Meet Diane!

Diane Ngabire She / Her

 My name is Diane! I have been in foster care since I was twelve years old. I was born and raised in Rwanda, Africa, and immigrated to the United States for educational opportunities and safety. 

  In 2014, I immigrated with my grandparents and siblings to the United States. When we arrived in the United States, my life instantly changed. At the airport, I was told I would be placed in a foster home because the government felt my grandparents were not capable of taking care of my siblings and me. I felt confused, broken, and alone. My grandparents were the only caregivers I knew. Not only was I being affected by the U.S. government's choice in my life, but I also had to learn a new language and adapt to a new culture. Living with strangers who did not speak my language or look like me was especially difficult for me. The process was complicated; however, it made me stronger and more resilient. My foster care journey was never stable and I moved from home to home throughout my childhood until I aged out in January of 2033 at the age of 21. Regardless of all the barriers and trauma that the foster care system exposed me to, I choose to focus on being a student and excelling in whatever I choose to pursue. During my time in the foster care system, I was a part of the First Star program, which supported the pursuit of higher education.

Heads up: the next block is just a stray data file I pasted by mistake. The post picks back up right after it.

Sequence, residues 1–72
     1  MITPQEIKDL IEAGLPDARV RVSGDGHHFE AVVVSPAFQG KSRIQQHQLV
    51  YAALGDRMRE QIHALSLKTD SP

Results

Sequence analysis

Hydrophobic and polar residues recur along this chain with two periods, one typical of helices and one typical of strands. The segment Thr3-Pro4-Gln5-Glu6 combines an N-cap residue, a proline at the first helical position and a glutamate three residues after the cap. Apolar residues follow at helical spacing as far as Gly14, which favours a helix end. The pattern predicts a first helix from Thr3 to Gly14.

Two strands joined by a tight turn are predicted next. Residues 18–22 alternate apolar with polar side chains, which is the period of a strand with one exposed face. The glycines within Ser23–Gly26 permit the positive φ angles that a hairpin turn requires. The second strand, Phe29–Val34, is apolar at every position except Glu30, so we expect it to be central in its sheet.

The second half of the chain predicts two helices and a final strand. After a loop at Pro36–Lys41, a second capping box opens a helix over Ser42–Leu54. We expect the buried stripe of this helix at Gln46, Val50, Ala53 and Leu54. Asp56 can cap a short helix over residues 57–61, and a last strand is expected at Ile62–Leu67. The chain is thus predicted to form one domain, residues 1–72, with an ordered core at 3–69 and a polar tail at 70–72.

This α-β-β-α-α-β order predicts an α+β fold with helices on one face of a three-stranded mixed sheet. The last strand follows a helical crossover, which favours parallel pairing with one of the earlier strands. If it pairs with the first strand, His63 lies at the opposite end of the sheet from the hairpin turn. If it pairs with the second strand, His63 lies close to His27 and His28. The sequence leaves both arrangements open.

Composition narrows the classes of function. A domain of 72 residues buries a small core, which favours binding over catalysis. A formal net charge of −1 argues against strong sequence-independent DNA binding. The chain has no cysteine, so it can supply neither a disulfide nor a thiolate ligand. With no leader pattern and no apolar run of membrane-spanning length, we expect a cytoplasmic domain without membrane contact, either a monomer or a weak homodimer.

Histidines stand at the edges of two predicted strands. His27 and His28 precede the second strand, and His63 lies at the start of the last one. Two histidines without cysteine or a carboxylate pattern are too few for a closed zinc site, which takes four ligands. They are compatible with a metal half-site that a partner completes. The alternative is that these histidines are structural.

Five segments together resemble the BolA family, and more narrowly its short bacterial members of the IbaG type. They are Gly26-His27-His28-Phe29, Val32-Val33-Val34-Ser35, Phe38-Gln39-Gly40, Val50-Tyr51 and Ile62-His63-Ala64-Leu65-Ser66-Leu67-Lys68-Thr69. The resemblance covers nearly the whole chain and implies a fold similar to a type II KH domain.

I am currently a 3rd-year student at the University of Utah, and intend to graduate with a bachelor's degree in psychology, and a minor in human development and family studies in spring of 2025.

 I am ecstatic to be a co-founder of the 1999 collective in working with my team, to ensure that Utahns, who experienced foster care after the age of 13 are given resources connected, and supported through early adulthood and beyond.

 "Every kid is one caring adult away from being a success story."- Josh Shipp